Such morphisms will automatically satisfy the appropriate commutative diagrams (by virtue of the appropriate equations holding in each algebra Hom(c^k, c)). Thus, they can be combined into what I thought of as an M object. I haven't sat down and checked all the details, but I am quite confident now that it works and I was wrong.) |
Feb 10 |
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Compact Hausdorff and C^*-algebra “objects” in a category.
(Why? The latter amounts to just putting the structure of a Set-algebra for M on Hom(x, c) for each x, such that precomposition is a homomorphism of such algebras. For every element in M(k), thought of as a k-ary operation, we obtain a morphism from c^k to c by applying that operation to the k many projections in Hom(c^k, c), from which the result of that operation on arbitrary Hom(x, c) is determined... [continued in next comment] |
Feb 10 |
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Compact Hausdorff and C^*-algebra “objects” in a category.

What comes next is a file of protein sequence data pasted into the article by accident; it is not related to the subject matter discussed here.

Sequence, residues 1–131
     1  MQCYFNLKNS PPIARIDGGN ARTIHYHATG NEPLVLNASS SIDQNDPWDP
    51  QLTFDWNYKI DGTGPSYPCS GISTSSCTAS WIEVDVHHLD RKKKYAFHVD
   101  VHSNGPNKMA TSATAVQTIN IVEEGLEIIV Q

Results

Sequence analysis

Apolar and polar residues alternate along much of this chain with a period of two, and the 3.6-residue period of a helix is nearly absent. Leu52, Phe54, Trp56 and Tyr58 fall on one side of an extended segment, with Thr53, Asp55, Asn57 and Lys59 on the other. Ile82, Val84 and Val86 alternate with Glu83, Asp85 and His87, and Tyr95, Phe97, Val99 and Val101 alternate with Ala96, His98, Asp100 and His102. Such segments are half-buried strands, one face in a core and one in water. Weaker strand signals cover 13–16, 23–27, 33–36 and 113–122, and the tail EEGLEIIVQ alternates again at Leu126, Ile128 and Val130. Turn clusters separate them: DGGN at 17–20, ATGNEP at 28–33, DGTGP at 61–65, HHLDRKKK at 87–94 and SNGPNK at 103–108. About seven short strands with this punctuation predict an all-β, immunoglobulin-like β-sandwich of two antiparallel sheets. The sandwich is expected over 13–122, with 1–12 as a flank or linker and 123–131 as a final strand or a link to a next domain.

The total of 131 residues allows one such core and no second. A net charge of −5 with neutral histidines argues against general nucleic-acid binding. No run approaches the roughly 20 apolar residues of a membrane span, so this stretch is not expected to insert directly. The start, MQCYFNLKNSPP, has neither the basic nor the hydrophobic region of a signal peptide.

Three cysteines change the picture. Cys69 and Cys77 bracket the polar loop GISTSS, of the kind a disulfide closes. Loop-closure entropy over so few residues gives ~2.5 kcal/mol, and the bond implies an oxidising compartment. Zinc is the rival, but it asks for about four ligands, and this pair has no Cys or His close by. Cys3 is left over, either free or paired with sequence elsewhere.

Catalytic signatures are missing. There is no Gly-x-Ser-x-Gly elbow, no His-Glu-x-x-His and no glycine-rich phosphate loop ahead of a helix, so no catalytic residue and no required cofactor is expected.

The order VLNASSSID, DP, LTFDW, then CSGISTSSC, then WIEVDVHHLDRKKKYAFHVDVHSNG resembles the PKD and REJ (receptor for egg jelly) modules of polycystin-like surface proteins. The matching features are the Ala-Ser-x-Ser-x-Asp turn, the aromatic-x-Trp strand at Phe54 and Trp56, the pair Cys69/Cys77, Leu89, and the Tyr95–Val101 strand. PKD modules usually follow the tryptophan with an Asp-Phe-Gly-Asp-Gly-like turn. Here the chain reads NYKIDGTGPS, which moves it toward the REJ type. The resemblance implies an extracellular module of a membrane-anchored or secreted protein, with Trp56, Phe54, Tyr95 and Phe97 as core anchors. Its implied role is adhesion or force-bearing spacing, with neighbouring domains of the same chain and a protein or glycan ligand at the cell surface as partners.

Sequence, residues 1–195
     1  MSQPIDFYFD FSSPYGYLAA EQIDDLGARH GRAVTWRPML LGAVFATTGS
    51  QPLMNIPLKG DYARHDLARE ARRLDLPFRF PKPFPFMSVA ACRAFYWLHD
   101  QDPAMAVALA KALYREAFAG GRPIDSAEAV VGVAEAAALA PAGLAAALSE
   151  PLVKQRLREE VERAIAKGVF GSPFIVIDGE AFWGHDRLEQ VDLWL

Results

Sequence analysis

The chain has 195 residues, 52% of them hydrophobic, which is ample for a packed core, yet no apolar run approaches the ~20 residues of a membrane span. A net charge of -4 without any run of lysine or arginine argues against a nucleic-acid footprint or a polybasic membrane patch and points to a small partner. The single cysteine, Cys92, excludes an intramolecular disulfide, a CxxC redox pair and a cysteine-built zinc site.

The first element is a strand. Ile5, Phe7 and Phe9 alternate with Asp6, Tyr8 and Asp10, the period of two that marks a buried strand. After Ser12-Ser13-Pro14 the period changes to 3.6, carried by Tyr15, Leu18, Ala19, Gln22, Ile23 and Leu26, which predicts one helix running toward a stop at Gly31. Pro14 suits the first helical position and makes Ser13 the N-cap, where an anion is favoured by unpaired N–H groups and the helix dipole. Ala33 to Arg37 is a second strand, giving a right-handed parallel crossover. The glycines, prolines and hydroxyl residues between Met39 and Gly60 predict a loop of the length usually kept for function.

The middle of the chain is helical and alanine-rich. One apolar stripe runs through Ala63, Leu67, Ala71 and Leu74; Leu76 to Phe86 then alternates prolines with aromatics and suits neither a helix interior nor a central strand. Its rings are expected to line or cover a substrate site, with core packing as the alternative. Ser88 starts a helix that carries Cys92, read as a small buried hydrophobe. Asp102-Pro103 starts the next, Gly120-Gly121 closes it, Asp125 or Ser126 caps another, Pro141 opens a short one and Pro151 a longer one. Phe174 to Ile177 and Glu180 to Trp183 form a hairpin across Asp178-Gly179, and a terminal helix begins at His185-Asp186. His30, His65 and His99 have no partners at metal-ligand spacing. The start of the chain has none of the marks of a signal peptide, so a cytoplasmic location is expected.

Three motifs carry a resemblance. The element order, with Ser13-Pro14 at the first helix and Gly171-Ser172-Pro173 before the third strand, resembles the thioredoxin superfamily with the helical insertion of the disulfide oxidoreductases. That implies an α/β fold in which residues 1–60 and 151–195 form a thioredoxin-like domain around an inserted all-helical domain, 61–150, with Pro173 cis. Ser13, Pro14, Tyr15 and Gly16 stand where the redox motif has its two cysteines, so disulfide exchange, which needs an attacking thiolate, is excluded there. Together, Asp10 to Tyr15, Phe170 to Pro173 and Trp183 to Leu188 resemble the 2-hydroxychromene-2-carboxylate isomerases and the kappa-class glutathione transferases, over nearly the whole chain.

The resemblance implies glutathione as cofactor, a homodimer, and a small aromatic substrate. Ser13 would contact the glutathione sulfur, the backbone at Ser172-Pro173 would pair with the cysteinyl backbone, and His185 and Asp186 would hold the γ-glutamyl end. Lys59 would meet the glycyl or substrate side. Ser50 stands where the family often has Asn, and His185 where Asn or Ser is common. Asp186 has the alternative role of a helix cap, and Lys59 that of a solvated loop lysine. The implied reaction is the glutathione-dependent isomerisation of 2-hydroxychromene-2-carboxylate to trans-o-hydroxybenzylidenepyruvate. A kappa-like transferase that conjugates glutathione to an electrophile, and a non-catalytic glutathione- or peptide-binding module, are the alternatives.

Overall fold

Egads, no, you're right. The correspondence does go both ways. I failed to see it before, being so used to viewing things one way, but if M is a monad on Set, then product-preserving functors from the dual of M's Kleisli category to C (what I was thinking of as an M object) are in correspondence with tuples of the form <contravariant functor F from C to the category of Set-algebras of M, object c in C such that the product of any set of copies of c exists, and natural isomorphism between Hom_C(-, c) and UnderlyingSet(F(-))> (what you were thinking of as an M object). So, I retract my "No". |
Feb 10 |
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Compact Hausdorff and C^*-algebra “objects” in a category.
I agree that what you (Tom) said is presumably equivalent to what I said. However, I have a question about the part where you say "(suitable kind of) monad on Set". What do you mean by "suitable kind of"? It seems to me this general idea should work for every monad on Set. [That is, pulling it through the correspondence between monads on Set and categories with set-sized products generated by a single object [the (Set-)algebras of the former also corresponding to the Set-models of the latter], and then using the latter to give an account of such algebras in other categories with products] |